Although federal and state corporation, securities, antitrust, and tax laws governing mergers and acquisitions (M&A) are complex and nuanced, and the structure of a given transaction is usually driven by tax and securities considerations that aren’t within intellectual property counsel’s control, it’s useful for intellectual property lawyers to know the basic structures of these deals and the impact on the intellectual property provisions in the agreement. Here’s a crash course on basic types of M&A agreements.
Companies can merge or be acquired through three basic mechanisms:
- Stock Purchases. In a stock purchase, the acquiring corporation pays cash to the owners of the target company’s stock, the buyer becomes the parent, and the target entity continues intact as a subsidiary of the buyer. Acquiring companies can also issue their own stock to the shareholders of a target company in exchange for a controlling interest in the target, in a transaction known as a “stock-for-stock exchange.” From an intellectual property perspective, stock purchases have some important benefits over other forms of mergers or acquisitions, most importantly, that the target’s corporate identity remains intact as a subsidiary of the buyer. As a result, any liabilities of the target entity remain with that entity and are not transferred to the buyer. Because buyers often have deeper pockets, it can be beneficial to keep the target’s liabilities isolated in the subsidiary, especially if there is pending or threatened litigation or patent infringement claims against the target.
- Statutory Mergers. In a statutory merger, the acquired corporation is merged directly into the acquiring corporation, the shareholders of the target company become shareholders of the surviving corporation, and all of the disappearing corporation’s business, assets, contracts, and liabilities are assigned or transferred to the surviving corporation by operation of law. The three primary structures for statutory mergers are “straight-in mergers,” “forward triangular mergers,” and “reverse triangular mergers.” Each of the three structures impacts key intellectual property issues differently, so it is important for intellectual property counsel to be familiar with each structure and to learn early in planning for a given transaction which of the three structures will be involved.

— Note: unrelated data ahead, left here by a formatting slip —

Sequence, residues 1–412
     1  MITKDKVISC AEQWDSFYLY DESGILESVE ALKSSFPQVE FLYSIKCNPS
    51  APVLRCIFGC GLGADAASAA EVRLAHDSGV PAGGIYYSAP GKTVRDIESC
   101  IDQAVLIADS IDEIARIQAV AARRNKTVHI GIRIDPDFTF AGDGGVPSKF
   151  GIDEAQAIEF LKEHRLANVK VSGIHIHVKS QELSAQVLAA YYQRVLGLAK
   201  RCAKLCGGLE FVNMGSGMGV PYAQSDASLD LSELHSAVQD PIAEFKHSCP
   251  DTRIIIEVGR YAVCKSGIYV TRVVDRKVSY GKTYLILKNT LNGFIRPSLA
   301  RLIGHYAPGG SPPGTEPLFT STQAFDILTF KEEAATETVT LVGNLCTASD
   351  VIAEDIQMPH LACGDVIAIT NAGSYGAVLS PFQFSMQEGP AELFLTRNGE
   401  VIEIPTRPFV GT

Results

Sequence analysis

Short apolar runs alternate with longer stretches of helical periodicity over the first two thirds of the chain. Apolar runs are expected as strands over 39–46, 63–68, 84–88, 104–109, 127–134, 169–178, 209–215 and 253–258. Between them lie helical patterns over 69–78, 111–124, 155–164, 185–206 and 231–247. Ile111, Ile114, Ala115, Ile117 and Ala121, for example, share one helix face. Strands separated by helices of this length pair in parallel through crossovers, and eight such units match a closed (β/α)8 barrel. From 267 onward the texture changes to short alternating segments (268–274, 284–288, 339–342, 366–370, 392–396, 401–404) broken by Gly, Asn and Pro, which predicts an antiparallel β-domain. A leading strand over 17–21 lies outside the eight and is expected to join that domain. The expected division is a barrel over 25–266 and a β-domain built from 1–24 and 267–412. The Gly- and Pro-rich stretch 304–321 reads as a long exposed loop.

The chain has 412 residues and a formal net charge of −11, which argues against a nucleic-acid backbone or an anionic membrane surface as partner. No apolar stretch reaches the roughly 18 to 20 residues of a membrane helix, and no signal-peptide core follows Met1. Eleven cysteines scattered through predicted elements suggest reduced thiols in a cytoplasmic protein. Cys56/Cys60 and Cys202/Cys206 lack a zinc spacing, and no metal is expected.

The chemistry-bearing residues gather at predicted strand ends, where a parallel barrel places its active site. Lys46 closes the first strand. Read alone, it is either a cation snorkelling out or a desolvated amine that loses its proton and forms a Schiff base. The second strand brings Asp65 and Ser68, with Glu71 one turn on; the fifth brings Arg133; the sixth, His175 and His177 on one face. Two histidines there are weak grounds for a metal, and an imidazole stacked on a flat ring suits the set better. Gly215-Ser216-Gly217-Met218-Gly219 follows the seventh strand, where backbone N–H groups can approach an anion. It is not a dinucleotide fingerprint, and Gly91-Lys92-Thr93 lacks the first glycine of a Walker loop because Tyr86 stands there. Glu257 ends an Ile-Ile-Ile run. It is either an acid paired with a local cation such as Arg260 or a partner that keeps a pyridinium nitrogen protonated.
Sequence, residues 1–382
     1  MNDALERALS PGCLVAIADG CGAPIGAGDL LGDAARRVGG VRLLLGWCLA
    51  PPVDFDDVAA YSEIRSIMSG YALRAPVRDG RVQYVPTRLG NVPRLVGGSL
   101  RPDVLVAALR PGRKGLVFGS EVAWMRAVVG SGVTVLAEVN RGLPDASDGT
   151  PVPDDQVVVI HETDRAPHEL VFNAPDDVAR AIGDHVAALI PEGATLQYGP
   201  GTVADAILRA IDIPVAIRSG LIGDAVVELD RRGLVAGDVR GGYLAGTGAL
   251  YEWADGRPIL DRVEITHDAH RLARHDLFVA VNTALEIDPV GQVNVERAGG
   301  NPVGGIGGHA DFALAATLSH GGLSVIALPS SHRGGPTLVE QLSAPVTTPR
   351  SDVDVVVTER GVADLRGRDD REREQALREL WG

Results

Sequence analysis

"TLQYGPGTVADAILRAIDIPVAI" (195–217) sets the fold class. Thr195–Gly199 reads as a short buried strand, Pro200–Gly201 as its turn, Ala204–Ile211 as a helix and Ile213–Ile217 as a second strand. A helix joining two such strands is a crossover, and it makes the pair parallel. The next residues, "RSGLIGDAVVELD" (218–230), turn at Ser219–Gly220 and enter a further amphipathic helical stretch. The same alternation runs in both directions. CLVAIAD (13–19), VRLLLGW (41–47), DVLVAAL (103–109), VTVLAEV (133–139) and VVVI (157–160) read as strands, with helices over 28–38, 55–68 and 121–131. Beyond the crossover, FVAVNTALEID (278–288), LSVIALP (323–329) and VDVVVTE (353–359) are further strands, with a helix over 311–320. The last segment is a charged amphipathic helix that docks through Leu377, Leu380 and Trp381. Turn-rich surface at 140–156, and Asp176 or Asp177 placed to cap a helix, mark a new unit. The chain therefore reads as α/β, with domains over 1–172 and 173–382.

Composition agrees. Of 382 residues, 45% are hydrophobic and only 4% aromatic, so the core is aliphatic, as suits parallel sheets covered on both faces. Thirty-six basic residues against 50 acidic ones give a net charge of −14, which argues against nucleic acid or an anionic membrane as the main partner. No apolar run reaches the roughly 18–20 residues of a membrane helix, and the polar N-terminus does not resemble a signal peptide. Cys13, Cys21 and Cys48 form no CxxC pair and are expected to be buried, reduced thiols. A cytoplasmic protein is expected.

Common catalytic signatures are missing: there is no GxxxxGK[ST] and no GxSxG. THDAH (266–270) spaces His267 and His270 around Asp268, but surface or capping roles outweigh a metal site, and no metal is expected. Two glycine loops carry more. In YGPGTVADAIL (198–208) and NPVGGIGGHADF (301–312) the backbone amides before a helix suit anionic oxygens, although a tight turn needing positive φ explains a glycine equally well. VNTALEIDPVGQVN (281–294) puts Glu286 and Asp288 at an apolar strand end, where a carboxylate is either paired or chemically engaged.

- Asset Purchases. By purchasing all or substantially all of the target company’s assets, the acquiring company may avoid acquiring some or all of the target’s liabilities. Asset purchase agreements present several unique challenges for intellectual property counsel. First, it’s important to identify and schedule all of the key assets being acquired. Second, it’s important for the asset purchase agreement to identify any liabilities of the seller that will be assumed by the buyer and any excluded liabilities that will remain with the seller. Finally, in an asset purchase, unlike a statutory merger, the seller’s intellectual property assets will not be transferred to the buyer by operation of law, so it’s important to obtain an express assignment from the seller of all intellectual property rights. Counsel should require separate forms of assignment for patents, copyrights, and trademarks to document and record the transfer with the appropriate governmental agency.
As explained in my earlier blog post, Get Intellectual Property Counsel in on Your M&A Deal, intellectual property counsel should be thoroughly familiar with, and actively engaged in, the drafting and negotiation of M&A agreements. To do this effectively, they need to educate themselves first.
These three mechanisms are explained comprehensively in CEB’s Intellectual Property in Business Transactions, chap 7, which covers intellectual property issues in M&A agreements.
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